Is the Ukrainian revolution justified?
Almost half a million Ukrainian citizens want to oust President Viktor Yanukovych from his presidency. President of Russia, Vladimir Putin, imposed trade sanctions and threatened to cut off gas supplies while offering much needed financial aid to the Ukrainian economy. His hope was that Yanukovych would delay the process of integrating Ukraine into the European Union. Yanukovych conceded to Putin's request, and between Feb. 18-20, Ukrainian forces murdered 82 protesters during an uprising in Kiev, Ukraine that resulted from his deal with Putin. The right to advocate for policy change—to have your voice heard—is a fundamental right of every citizenry. Russian-controlled Viktor Yanukovych took this away.
This isn’t the first time that Russia has bullied Ukraine. In fact there is a saturated history of Russia bullying Ukraine into submission even after Ukraine gained independence in 1991 after the Soviet Union fell in Moscow. People around the world watching the protests look down upon the people of Ukraine’s decision to resort to non-peaceful acts of revolution. The Ukrainian people must protect their civil right to advocate for policy change. When Russia suppresses this right, Ukraine is justified in fighting to retake their freedom of speech.
Because of Yanukovych’s close ties with Russia, Russia has robbed the people of Ukraine of their human right to resist unfair policy. Yanukovych is ignoring the desires of the Ukrainian people and acting as a monarch in Ukraine’s fragile democracy. The people of Ukraine have natural rights, and thus an obligation to stand up for what they believe to be best for Ukraine. But, because of this heavy handed pressure upon Ukraine, the people of Ukraine cannot express their desires as majority of the country without fear of economic attack by Russia.
Former president Bill Clinton and secretary of state Hillary Clinton urged Ukraine to resist increasing Russian pressure that would contradict what is best for Ukraine’s political and economic interests. Bill Clinton said, “I would resent it if someone tried to force me to do something that wasn’t good for my people.” But the president of Ukraine did not seem interested in America’s input, as he has not agreed to integrate Ukraine into the EU.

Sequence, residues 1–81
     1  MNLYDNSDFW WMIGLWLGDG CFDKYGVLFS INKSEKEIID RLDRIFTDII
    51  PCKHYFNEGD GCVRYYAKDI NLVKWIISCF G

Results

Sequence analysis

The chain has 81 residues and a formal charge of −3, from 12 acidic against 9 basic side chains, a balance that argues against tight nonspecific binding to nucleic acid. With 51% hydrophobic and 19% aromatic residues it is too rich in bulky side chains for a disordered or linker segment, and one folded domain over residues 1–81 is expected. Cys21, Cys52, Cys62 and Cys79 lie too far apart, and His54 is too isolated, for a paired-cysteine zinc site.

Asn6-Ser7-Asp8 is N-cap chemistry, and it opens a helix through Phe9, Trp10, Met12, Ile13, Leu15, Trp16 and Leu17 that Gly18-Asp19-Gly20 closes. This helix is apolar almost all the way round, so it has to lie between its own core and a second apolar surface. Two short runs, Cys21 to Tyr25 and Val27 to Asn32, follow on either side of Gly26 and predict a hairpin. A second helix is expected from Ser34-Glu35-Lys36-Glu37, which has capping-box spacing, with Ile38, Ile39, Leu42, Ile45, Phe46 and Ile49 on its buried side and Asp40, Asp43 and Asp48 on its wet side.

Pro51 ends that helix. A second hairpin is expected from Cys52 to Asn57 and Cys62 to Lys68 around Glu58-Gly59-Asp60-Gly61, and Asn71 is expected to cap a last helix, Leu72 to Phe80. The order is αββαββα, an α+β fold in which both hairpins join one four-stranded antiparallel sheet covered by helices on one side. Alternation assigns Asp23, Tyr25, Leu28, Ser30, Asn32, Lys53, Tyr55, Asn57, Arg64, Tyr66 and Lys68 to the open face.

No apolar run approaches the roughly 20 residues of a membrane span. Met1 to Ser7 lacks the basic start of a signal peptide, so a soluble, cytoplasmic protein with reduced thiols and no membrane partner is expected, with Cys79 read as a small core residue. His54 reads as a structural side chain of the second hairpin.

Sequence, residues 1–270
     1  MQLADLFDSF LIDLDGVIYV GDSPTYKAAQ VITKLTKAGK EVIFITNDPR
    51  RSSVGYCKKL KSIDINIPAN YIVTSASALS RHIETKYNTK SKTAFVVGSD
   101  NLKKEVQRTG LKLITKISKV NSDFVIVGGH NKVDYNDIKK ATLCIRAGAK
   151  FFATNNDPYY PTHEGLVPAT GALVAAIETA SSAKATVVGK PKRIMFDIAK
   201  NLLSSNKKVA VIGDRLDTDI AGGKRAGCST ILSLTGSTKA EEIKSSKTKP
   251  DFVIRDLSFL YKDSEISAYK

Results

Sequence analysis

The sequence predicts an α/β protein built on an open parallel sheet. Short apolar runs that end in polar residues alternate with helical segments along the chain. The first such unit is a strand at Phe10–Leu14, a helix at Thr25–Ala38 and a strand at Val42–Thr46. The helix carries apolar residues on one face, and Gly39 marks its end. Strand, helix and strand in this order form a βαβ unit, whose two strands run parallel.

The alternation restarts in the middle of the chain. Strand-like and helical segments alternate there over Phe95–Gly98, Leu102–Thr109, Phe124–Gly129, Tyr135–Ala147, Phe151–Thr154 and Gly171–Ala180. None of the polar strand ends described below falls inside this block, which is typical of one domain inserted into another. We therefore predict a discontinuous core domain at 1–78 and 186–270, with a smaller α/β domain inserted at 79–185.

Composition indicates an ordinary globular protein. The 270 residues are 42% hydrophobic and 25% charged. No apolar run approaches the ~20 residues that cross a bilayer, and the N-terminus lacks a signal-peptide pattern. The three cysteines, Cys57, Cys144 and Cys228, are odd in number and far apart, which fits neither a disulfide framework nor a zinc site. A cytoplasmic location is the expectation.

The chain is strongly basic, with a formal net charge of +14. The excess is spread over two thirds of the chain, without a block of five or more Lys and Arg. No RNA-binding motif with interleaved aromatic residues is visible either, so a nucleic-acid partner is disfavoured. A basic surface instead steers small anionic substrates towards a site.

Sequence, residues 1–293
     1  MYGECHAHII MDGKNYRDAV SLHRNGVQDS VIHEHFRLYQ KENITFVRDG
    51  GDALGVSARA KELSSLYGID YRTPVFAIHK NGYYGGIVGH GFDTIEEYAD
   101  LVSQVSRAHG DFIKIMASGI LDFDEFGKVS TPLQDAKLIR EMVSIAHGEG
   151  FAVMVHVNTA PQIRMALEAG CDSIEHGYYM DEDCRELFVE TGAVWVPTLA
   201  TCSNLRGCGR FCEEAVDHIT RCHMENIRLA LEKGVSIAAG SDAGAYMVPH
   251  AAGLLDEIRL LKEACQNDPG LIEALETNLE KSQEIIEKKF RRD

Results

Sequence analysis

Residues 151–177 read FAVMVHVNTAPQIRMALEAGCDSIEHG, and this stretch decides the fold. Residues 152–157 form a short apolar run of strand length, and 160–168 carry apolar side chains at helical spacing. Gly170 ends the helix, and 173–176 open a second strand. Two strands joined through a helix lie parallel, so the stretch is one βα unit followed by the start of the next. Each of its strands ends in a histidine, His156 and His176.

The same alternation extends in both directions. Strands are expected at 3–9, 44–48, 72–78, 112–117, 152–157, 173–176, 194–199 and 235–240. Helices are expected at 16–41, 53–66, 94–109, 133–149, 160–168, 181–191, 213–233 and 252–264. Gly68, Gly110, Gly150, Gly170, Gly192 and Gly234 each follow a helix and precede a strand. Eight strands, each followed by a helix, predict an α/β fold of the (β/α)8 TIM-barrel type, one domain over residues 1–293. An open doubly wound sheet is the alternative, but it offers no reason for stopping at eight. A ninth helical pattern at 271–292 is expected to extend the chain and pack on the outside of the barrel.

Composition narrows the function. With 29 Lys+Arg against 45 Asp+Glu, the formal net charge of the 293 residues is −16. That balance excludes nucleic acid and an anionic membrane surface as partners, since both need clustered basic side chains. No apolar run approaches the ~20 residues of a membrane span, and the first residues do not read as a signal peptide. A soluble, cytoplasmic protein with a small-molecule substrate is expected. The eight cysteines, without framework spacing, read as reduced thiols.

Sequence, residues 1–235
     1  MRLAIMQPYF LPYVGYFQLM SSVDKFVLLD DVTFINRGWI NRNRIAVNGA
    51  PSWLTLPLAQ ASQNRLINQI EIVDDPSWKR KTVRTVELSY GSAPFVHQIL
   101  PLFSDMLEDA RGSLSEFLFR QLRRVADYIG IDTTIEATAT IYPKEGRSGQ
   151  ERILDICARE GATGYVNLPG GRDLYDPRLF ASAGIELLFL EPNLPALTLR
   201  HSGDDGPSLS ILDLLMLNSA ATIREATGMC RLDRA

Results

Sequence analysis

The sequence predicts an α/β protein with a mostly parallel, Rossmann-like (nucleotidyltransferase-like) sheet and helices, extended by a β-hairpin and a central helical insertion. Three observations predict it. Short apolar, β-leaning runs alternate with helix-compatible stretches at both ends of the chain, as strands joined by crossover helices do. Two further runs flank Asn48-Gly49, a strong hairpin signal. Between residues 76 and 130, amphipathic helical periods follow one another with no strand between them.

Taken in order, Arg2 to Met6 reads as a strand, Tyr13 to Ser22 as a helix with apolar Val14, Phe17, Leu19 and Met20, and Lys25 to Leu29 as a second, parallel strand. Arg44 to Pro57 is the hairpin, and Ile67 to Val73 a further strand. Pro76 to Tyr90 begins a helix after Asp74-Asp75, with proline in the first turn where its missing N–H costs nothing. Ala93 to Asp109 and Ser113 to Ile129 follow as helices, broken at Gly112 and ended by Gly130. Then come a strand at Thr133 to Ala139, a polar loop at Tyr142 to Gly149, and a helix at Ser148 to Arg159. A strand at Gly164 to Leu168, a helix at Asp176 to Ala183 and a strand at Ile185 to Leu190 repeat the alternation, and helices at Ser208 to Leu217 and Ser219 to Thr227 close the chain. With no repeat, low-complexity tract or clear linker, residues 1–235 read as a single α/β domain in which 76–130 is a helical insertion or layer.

In 2009, Russia halted steel, chocolate and agricultural imports to manipulate the corrupt Ukrainian government into stalling the policy change that would integrate the Ukraine into the EU. Even with this history of abuse from Russia, Yanukovych still didn’t commit to gaining economic, judicial and political reform by signing the 1000-page association agreement with the EU.
What do the Ukrainian people do in this situation? Sit back and let the Russian government sway their corrupt president at the people’s expense? Or are they called to retaliate?
John Locke, in his Second Treatise on Civil Government (1690), argues that legislative authority is derived from the consent of the commonwealth. Locke also says that when government becomes oppressive, the people have an obligation to alter or abolish it and institute new government.
Ukraine’s Republican form of government, which stems from Democracy, is there to protect the rights and wishes of the people. The Ukrainian government has become corrupt and tyrannical by submitting to the will of Russia and by not remaining accountable to the Ukrainian people. The Ukrainian people are justified in their attempts to spark revolution because it is their human right to demand a government that will make decisions that are in the best interests of the people.